The photo at left shows a really large jug holding four smaller tubs. The two on top are deep mushroom tubs.

Below is a smaller jug that nicely holds two 2″x3″ cell-inserts.

Left: three jugs before being cut. These look opaque but they’re actually translucent.
Below: Jugs and bottles outside.

Here’s a setup using a greenhouse tray with a high dome. Inside are either cell inserts or smaller containers.

The amount of air space above the soil level is important. This ‘head space’ prevents overheating, allows for air circulation, and permits seedlings to get quite tall before they hit the ‘roof’.

photo: copyright Pam McDonald

Getting creative

A google image search using ‘winter sow’ or ‘wintersowing’ will result in hundreds of container ideas that gardeners have tried. When deciding if something will work or not, keep the following in mind:

  • Is there enough head space?
  • Is the top transparent or translucent? Blue or green tints may work (I have not tried them) but I suggest that beginners stick to non-tinted tops.
  • If the part that holds the germination mix is opaque, can it be filled to the very top? If you only partially fill a pot, the part above soil level will cast shadows on the soil surface.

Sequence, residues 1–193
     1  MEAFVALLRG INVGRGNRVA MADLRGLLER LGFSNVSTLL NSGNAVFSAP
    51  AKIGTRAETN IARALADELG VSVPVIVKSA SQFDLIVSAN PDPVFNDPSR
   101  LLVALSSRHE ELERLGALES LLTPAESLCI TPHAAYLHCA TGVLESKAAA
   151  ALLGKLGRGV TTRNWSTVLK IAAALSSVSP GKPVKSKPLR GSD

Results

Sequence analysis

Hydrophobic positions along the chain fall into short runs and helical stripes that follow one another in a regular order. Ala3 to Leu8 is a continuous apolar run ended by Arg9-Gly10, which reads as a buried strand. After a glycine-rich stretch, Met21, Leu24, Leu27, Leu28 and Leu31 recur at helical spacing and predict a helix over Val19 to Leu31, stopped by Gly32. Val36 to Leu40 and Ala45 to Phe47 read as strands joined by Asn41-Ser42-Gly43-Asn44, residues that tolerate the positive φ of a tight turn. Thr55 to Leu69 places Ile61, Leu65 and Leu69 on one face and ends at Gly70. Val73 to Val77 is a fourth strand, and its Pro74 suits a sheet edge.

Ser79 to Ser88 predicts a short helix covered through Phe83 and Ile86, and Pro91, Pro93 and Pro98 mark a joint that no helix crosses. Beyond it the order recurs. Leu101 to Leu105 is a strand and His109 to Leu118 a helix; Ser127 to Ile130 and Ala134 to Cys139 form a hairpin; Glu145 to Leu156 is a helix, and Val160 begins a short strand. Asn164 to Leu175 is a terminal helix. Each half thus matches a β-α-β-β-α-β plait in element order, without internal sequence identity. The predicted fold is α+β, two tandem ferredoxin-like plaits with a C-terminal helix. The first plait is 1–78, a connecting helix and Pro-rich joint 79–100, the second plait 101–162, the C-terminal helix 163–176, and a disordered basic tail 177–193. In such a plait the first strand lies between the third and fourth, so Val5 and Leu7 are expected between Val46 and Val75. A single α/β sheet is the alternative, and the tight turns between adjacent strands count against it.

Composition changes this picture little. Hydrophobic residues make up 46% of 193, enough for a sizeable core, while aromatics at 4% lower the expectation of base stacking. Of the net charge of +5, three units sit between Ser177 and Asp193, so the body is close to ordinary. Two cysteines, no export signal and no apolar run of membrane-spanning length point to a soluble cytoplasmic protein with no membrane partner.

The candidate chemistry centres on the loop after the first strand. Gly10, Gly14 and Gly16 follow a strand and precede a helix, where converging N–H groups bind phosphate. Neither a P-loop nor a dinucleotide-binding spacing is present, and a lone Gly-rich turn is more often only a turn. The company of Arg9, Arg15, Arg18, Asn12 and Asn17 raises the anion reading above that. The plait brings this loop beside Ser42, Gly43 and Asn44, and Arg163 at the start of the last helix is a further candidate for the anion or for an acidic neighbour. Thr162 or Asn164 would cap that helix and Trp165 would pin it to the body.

• How big is the soil-holding container? You will be sowing only one species per tub, so unless you’re planting the entire back 40, a small one is usually just fine. Remember, though, that the smaller the pot, the faster it dries out. So if you’re using really small pots (such as cell inserts) be sure to regularly check the soil moisture levels in the spring. Be wary of using peat pots, which tend to keep seedlings either too soggy or too dry.
  • Can you cut or melt holes in the greenhouse material? This rules out glass and thick plexiglass.
  • Can the greenhouse top withstand strong winds and the weight of big dumps of snow? I’ve experimented with setups using clear plastic bags, but I never found a reliable way to prevent them from collapsing onto the soil surface.

This gardener is using a variety of containers. The opaque tops probably won’t work but the other options are fine.

Styrofoam cups, plastic ‘solo’ cups or any type of pot with opaque sides are good for situations where the light is directly overhead at all times, such as in an indoor setup with grow lights. Outdoors, though, the sun (in winter and spring in the northern hemisphere) is low in the sky. Opaque pots will cast a shadow over the soil surface, causing seeds near the edges to germinate later than the rest. To avoid this, fill opaque containers to the very top and tamp well to minimize settling.

Here’s my haul from neighbourhood blue bins on recycling day. The blue-tinted jug and the yogurt tub did not make the cut.

All containers can be saved, cleaned, and re-used next year.

Whatever containers you choose, keep records of what worked well and if you try something new, do a ‘backup’ jug, just in case.

Have fun! This is the wonderful end result!